At first, you don’t provide any ethics & compliance training.
Then something happens and you realize it was a mistake not to train your employees. So you develop a short training for newcomers. And you beat yourself up for not having done it sooner.
Because soon you’ll realize that your induction training doesn’t cover everything it should. After you beef it up, you’ll realize that long-term employees need refreshers too. And then, it’ll just make sense to provide employees in different functions their own customized training. Later, you’ll feel it would be more efficient to use a vendor to create online training. Only to discover, a few years down the road, that in-person training can be more effective. Then you’ll try to produce short animation, text messages, and funny comic strips to fill the gaps between training campaigns. By then, some employees will tell you that there is so much information that it’s hard for them to know what’s really important, so you’ll consider reducing your training. And you’ll beat yourself up for not getting it right all these years.
Your training needs to change with the state of the market. The best you can do is to pause regularly and to reflect on whether your training program is doing its job. If yes, great. If not, change it. But don’t dwell on what has been. You’ll never win that game.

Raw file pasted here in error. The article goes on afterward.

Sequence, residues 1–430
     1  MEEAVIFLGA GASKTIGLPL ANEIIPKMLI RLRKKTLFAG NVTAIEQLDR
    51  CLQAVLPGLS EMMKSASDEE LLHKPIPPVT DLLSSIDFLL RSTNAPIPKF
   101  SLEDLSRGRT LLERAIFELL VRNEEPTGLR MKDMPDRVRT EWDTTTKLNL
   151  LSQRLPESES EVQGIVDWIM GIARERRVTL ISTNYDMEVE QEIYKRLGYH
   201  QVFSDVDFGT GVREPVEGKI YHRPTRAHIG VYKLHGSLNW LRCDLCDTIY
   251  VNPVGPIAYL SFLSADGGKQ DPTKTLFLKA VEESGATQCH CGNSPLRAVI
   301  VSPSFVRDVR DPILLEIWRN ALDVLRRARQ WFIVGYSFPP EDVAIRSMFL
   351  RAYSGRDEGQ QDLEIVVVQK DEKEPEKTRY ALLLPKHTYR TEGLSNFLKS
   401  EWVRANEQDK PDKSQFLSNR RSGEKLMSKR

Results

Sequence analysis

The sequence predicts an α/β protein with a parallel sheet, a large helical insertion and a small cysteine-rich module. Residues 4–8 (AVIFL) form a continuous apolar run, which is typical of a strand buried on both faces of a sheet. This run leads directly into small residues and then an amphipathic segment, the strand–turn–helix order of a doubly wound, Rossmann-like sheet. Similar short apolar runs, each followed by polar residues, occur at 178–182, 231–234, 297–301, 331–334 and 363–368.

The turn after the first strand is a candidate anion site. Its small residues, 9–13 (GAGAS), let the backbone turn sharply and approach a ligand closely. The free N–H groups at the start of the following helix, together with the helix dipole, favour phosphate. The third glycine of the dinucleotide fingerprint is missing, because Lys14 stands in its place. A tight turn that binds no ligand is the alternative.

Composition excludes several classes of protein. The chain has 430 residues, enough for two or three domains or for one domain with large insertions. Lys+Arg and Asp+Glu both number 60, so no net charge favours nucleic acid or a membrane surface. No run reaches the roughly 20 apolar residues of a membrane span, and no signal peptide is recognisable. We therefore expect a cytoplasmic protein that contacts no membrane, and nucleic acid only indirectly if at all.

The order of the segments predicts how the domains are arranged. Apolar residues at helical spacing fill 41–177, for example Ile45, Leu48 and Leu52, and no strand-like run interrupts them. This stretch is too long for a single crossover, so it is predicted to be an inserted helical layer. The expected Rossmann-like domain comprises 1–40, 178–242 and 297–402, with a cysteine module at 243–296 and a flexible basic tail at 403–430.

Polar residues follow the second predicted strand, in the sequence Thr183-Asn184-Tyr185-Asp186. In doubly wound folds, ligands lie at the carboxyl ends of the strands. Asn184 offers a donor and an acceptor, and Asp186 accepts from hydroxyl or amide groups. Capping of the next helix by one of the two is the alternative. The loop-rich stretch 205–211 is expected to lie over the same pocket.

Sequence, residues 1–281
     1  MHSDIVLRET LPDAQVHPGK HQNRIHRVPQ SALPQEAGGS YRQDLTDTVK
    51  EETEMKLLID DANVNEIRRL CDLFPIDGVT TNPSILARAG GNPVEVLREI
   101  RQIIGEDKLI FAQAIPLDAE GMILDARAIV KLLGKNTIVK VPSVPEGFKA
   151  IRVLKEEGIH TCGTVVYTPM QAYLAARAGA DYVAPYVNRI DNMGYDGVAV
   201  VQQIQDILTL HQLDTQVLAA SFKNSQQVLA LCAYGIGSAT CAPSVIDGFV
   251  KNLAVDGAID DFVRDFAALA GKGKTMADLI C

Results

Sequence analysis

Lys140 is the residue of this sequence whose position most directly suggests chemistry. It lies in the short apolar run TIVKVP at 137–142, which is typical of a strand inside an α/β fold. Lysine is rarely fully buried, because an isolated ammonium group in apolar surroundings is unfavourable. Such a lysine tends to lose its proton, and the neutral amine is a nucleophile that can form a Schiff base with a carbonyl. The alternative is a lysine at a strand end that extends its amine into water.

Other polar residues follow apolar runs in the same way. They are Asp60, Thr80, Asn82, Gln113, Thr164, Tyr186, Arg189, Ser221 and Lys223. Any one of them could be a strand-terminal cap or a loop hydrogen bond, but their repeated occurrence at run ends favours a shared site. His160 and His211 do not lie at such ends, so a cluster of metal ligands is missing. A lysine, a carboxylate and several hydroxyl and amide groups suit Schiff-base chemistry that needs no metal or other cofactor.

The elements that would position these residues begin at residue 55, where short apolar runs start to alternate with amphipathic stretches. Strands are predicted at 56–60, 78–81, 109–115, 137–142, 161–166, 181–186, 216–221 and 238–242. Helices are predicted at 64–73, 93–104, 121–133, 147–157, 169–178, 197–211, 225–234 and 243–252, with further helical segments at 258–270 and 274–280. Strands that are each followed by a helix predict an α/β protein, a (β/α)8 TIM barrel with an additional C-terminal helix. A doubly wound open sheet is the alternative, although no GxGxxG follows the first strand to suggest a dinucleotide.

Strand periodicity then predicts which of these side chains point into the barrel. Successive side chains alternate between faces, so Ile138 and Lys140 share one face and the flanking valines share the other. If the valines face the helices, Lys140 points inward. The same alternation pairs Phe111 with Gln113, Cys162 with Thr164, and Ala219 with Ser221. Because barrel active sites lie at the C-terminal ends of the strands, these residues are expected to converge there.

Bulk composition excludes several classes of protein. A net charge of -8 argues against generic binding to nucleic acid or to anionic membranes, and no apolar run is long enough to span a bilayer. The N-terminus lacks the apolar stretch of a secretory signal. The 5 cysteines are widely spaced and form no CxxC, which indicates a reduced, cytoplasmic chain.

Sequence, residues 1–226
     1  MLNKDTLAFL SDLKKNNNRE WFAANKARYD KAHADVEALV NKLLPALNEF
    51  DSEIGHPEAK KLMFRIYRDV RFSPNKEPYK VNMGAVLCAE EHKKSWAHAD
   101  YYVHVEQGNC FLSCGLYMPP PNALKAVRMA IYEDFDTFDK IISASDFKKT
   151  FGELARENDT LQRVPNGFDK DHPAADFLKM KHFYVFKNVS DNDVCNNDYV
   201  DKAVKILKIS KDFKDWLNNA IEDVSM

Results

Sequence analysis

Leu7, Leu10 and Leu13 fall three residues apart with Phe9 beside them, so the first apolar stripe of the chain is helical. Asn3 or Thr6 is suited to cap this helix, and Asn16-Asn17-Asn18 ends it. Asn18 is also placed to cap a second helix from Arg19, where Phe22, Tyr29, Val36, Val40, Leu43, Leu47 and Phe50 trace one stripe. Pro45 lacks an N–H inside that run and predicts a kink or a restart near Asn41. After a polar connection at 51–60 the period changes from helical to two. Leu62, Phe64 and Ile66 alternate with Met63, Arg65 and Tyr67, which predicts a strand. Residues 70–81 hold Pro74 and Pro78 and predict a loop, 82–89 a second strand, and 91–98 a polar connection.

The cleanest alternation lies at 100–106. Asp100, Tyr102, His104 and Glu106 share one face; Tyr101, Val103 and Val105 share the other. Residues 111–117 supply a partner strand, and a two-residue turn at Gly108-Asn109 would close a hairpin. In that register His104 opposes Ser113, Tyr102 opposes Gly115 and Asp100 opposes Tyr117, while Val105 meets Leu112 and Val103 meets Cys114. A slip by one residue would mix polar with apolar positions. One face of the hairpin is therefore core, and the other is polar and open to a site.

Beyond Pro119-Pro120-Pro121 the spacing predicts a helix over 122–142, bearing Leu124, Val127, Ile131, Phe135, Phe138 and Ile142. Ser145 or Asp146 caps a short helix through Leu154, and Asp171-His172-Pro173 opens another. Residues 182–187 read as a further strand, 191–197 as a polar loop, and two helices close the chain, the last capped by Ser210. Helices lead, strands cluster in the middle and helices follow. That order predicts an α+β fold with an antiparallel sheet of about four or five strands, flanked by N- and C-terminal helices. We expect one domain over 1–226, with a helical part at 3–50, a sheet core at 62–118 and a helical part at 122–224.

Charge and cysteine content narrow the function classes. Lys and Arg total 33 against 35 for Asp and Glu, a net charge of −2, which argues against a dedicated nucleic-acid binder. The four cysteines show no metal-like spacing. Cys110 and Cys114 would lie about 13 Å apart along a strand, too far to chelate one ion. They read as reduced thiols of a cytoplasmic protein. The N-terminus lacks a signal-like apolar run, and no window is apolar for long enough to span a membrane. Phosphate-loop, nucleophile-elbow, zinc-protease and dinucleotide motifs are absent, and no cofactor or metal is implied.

Instead, we need to think of our next training idea like the launch of the latest iPhone. When Apple executives are touting the phone’s cutting-edge technology while pacing the stage, what they don’t tell us is that the next 2 or 3 generations are already in development. Prototypes with flexible screens, built-in projectors, 3D screens and holograms. No matter how great our latest training is, we need to deploy some humility and remember that all of our prior attempts had a short life. By all means, we should launch that latest training with pride but we should already have an eye out for the next best thing. Because the marketplace has already changed.
That’s how we stay relevant.